Despite these alarming facts, stalking is often not taken seriously. Yet, for a victim who lives in constant fear as a result of stalking, it is a daunting reality. Until we treat stalking as the serious crime it is, it is impossible to stop it.

One way to learn more about stalking is through the Stalking: Know It. Name It. Stop It. project created by the Stalking Resource Center, National Center for Victims of Crime and the Office on Violence Against Women, U.S. Department of Justice. Its website features an array of resources, including fact sheets, quizzes and videos to be used during National Stalking Awareness Month and throughout the year.



Time to Talk Safe Dating

Teens report knowing a lot about dating and relationships; they also report that most of this information comes from their peers and media sources like movies, magazines and the internet. Sure, some of this information is probably sound and helpful, but it is just as likely that some of it is misleading, harmful, or even dangerous. Teens need to hear about dating and relationships from adults they respect like their parents, teachers, and coaches, and what better time than now: February is National Teen Dating Violence Awareness Month. Teens that hear from the adults in their lives about the importance of setting boundaries and mutual respect in relationships are likely to be less vulnerable to the messages of sexual objectification and casual sexual behavior so rampant in the media.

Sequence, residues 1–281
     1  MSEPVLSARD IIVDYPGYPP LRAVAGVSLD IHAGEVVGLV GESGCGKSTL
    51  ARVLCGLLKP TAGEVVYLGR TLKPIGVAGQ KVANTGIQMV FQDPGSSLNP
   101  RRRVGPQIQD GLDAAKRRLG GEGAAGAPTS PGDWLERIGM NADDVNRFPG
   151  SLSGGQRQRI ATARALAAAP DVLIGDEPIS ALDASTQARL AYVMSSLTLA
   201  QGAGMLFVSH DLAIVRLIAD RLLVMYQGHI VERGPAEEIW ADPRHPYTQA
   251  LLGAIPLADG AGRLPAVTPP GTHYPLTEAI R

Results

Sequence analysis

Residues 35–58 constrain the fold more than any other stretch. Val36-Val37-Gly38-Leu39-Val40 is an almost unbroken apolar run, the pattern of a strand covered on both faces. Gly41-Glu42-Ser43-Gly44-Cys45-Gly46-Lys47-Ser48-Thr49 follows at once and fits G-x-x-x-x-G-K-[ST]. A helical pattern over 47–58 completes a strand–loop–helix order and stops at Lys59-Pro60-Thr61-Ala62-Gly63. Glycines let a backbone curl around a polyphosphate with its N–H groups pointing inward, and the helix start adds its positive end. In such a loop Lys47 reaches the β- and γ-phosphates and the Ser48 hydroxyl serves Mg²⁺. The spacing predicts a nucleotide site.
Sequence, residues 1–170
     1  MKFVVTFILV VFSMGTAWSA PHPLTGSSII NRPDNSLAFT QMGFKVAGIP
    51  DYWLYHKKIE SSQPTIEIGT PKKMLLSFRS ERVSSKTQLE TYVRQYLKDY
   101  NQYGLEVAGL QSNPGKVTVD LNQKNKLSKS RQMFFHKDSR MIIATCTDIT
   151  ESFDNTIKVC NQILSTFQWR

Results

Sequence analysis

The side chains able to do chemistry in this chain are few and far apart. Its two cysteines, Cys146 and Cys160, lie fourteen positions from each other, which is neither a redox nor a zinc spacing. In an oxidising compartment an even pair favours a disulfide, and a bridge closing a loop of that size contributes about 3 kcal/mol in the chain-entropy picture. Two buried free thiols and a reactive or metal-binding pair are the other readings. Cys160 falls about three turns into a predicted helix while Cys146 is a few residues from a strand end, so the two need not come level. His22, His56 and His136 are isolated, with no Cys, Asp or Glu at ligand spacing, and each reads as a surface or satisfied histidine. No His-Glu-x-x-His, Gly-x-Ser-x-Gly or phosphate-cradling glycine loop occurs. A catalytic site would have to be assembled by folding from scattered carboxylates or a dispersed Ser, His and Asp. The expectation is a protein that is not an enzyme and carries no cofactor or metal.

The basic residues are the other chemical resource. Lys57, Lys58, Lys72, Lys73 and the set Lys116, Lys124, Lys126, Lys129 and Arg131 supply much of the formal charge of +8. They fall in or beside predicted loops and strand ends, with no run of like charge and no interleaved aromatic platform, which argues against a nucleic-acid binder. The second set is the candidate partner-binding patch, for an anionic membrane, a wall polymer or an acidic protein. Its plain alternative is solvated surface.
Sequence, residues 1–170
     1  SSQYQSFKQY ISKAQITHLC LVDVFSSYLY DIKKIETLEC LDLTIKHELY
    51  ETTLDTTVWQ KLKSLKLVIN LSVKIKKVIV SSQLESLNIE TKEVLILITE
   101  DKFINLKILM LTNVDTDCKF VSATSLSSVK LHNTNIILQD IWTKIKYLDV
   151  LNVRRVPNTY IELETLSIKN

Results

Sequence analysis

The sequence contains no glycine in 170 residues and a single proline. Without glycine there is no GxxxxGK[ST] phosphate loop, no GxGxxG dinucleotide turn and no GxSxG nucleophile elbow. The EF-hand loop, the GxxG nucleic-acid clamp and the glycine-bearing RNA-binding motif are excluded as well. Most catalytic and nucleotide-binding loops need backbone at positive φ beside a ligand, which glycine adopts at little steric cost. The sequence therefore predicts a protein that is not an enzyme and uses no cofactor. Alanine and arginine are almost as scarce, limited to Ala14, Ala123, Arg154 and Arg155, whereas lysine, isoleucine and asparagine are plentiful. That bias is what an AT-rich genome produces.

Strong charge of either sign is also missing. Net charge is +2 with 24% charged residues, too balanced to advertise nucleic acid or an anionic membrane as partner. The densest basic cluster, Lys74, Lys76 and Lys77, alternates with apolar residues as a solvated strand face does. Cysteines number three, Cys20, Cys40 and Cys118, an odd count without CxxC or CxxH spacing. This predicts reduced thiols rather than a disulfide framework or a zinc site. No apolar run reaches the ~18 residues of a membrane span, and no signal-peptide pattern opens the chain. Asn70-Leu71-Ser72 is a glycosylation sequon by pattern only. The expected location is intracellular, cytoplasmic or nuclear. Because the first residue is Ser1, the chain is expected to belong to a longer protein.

Too many teens are experiencing dating abuse and sexual violence. Teen dating violence happens everywhere: in every culture, every socio-economic group, and every faith community. Teen dating violence occurs in person or, increasingly, through the use of technology, such as sexting, pornographic pictures online, or threats through social networking websites. Abusers often begin with verbal and emotional abuse such as put downs, insults, and name calling.  Frequently, the violence will escalate into physical and sexual assaults. Nationwide, during the past 12 months before the survey, 9.4% of high school students report being hit, slapped, or physically hurt on purpose by their girlfriend or boyfriend. In the same survey, 8% of students report having been physically forced to have sexual intercourse when they did not want to (11.8% for females and 4.5% for males) (CDC, Youth Risk Behavior Surveillance, 2011). One in three adolescent girls in the

U.S. is a victim of physical, emotional, or verbal abuse from a dating partner – a figure that far exceeds victimization rates of other types of violence affecting youth (National Council and Crime and Delinquency, 2008).